Why MMT Patients Exchange Prescription Drugs

Patients in methadone maintenance treatment (MMT) exchange a variety of prescription drugs—but little is known about why this happens, and how common it is.

pills and moneyGiven the risks of this practice—drug interactions, side effects, addiction, antibiotic resistance, birth defects, and possible interruption of MMT—a group affiliated with Butler Hospital and Brown University, Providence, RI, decided to find out. They published their findings in the January 1, 2013 issue of Drug and Alcohol Dependence. From December 2008 through January 2012, the team screened 767 individuals who enrolled in a smoking cessation trial in nine MMT sites in Southern New England. Characteristics of the 315 participants recruited were:

  • Average age 40 years
  • 49% male
  • 79% non-Hispanic white, 12% Hispanic, 2.5% black
  • Health insurance: public, 56%; private, 14%
  • 42% received disability payments
  • Average length of methadone treatment, 154 weeks
  • Past-30-day use of heroin, 7%; cocaine, 8%

Study Results

About 79 percent of participants had been prescribed at least one medication during the previous year. The drugs include allergy medications, antibiotics, blood pressure medications, erectile dysfunction drugs, antidepressants, tranquilizers, and drugs of abuse: sedatives, medications for ADHD, sleep medications, pain medications, and Suboxone (buprenorphine and naloxone).

About 20 percent of participants reported sharing their medication, and almost 40 percent said they had used medication not prescribed to them. While these rates may not be significantly higher than those in the general population, they represent a substantial risk to MMT patients. According to the Centers for Disease Control and Prevention (CDC), people with substance abuse histories are particularly vulnerable to overdose and adverse events related to illicit prescription drug use. Moreover, the authors note that MMT confers significant health benefits, and continued use of non-prescribed prescription medications may interrupt treatment.

Medications most often shared (given or sold) and received (borrowed or bought) were those with abuse potential—pain medications, sleep medications, and sedatives.

Sources of Drugs of Abuse

Sources, by Patients’ Responses


No. of Patients

No. of Responses

Given by Friend or Family Member,

No. (%)

Bought From Someone Patient Knew, No. (%)

Bought on The Street, No. (%)

ADHDa medications



Pain medications






Sleep medications







aAttention deficit hyperactivity disorder.

bBuprenorphine and naloxone.

As the table shows, patients generally received medications of abuse from friends or family, rather than buying them. Of interest, the only exception was Suboxone; 40 percent of patients (n=16) received the buprenorphine and naloxone medication from friends or family, and 60 percent (n=24) bought it on the street. In contrast, 66.7 percent of patients received their ADHD drug from friends or family, and 33.3 percent bought on the street; the corresponding percentages for pain medications were 54.9 from friends or family, 42.3 from street purchases, and 2.8 from acquaintance purchases.

The authors commented that the frequent receipt of buprenorphine from nonmedical sources “is consistent with an earlier study of opioid users, where 76% reported that they had used illicit buprenorphine.”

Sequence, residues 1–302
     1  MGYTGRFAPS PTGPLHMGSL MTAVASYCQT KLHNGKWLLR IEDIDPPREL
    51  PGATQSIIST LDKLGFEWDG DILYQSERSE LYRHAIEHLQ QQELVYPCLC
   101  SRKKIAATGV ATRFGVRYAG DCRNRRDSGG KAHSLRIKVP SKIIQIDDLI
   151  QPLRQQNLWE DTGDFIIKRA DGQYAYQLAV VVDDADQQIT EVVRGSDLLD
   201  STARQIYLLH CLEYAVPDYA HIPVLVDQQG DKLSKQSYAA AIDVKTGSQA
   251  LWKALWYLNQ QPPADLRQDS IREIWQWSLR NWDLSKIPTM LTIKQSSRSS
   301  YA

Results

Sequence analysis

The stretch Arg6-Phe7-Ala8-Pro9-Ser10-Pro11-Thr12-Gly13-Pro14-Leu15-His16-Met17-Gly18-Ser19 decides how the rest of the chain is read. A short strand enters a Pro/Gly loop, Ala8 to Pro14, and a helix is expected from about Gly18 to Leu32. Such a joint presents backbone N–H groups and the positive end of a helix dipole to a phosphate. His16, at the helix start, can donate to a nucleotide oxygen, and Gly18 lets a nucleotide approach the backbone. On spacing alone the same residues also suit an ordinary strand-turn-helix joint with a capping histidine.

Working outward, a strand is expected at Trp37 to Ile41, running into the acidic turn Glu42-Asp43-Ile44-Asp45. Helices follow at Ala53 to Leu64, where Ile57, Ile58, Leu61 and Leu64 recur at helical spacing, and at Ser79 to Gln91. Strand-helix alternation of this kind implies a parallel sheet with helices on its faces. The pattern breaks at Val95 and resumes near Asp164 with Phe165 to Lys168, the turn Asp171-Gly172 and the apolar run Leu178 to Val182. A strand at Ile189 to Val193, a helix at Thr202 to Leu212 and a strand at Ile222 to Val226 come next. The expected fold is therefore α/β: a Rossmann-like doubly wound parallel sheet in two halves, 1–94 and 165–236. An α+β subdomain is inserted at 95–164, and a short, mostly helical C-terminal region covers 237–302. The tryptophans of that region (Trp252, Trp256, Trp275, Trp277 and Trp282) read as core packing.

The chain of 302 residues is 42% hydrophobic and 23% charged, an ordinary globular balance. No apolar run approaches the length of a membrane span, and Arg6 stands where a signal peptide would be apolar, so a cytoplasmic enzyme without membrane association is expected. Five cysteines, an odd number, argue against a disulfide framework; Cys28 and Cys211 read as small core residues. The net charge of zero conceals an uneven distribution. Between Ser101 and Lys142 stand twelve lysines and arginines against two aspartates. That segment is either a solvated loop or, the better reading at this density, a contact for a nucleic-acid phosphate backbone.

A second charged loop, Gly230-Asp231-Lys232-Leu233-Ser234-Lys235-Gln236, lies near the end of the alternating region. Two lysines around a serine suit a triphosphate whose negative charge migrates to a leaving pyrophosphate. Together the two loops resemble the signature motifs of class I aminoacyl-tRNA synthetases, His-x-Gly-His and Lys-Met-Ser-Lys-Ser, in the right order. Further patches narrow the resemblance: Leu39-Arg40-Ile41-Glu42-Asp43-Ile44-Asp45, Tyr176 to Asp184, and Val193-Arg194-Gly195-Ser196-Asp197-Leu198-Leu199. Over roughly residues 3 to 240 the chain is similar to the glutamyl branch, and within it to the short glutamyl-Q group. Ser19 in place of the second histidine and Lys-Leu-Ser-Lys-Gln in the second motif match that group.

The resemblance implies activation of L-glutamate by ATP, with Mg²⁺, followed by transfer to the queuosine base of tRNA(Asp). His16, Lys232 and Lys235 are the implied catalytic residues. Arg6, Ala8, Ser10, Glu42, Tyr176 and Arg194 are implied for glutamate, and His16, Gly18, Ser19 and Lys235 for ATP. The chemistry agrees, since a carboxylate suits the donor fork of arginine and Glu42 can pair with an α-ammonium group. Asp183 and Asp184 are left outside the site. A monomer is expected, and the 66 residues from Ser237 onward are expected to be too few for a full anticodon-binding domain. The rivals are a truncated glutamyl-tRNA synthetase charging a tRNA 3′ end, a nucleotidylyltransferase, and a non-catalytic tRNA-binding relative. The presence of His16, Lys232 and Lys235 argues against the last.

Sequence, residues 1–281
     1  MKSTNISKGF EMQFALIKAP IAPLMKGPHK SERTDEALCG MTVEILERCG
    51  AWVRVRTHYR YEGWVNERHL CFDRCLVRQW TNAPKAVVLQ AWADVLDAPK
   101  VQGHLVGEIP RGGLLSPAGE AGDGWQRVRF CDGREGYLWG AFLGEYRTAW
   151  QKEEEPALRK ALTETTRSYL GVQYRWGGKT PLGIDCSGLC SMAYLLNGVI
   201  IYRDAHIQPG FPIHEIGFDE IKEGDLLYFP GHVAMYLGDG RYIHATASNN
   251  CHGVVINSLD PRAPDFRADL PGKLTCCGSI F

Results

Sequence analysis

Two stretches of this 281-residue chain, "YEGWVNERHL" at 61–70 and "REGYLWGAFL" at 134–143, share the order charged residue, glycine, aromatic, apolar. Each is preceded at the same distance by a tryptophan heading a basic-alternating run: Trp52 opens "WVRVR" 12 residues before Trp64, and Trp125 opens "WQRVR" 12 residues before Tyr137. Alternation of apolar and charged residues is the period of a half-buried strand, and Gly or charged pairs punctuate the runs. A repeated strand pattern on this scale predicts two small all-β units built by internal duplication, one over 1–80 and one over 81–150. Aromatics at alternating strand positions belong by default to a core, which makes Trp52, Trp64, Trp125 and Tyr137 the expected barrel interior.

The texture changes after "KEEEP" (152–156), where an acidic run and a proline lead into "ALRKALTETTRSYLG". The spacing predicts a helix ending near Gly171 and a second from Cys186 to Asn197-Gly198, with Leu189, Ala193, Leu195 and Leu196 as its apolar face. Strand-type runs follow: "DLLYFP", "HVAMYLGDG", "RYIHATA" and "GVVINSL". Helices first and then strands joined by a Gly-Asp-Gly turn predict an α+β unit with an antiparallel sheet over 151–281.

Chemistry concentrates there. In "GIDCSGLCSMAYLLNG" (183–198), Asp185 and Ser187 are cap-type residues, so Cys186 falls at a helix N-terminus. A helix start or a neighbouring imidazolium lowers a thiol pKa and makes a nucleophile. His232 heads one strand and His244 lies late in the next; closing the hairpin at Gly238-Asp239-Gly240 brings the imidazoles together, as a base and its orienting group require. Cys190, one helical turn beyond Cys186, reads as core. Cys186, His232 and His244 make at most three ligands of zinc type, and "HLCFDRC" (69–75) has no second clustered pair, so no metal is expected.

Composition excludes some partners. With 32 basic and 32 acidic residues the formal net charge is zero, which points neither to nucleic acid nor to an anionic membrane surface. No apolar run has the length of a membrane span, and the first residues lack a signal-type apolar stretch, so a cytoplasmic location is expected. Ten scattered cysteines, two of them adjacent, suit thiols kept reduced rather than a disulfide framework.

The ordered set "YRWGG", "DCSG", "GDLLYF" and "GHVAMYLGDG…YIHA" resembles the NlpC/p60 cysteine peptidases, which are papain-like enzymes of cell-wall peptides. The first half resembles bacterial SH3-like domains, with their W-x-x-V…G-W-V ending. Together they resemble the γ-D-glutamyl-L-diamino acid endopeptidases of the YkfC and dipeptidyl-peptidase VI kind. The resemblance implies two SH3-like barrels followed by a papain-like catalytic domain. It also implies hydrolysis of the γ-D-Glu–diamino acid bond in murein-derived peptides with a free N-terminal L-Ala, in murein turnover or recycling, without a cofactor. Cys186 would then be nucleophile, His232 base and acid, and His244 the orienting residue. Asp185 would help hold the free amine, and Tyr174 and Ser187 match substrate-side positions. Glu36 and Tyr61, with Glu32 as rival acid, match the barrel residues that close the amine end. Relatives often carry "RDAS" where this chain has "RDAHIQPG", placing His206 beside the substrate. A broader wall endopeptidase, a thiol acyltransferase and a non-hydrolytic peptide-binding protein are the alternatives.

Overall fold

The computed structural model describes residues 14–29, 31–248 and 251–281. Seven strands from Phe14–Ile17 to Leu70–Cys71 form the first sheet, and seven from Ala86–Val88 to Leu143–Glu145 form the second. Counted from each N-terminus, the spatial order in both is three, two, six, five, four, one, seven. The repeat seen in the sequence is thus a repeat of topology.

The authors did not list the specific prescription sedatives and pain medications bought on the street, but the former group includes benzodiazepines and barbiturates, and the latter group, opioids and nonsteroidal anti-inflammatory drug (NSAID) combinations.

Reasons for Exchanging Medications of Abuse

The only factor significantly associated with sharing drugs of abuse was younger age.

Four factors were significantly associated with receiving medications of abuse: younger age, being male, recent use of heroin or cocaine, and financial hardship.

The authors noted the important impact of financial hardship and low socioeconomic status on sharing and receiving. In the previous 6 months, 21 percent of the study population had at times gone without food, clothing, or housing to pay for medicine, and 8 percent had gone without needed medical care to pay for those necessities.

Moreover, the MMT population “has high rates of being uninsured or underinsured”—thus is more likely to share and receive various medications, not just illicit opioids. Many participants had public rather than private insurance, so “medication access, continuity, and affordability may still be a concern,” the authors said.

Value of the Study

This early study sheds light on the high rate of medication exchanges among MMT patients, and on some characteristics that lead to sharing and receiving—in particular, vulnerability, financial hardship, “and the need to self-medicate a physical health problem.”

These reasons underscore the need for better approaches to help this at-risk population. The authors note that while many resources for studying, defining, and understanding prescription drug exchange focus on trafficking, “doctor shopping,” and internet purchase of illegal prescriptions, prescription medication sharing also contributes to illegal use.

Reasons for sharing and receiving need further examination both to prevent the exchange of prescription drugs and to “maximize care to a vulnerable and underserved population,” the authors said.

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Caviness CM, Anderson BJ, de Dios MA, et al. Prescription medication exchange patterns among methadone maintenance patients. Drug Alcohol Depend. 2013; 127(1-3):232-238. doi: 10.1016/j.drugalcdep.2012.07.007.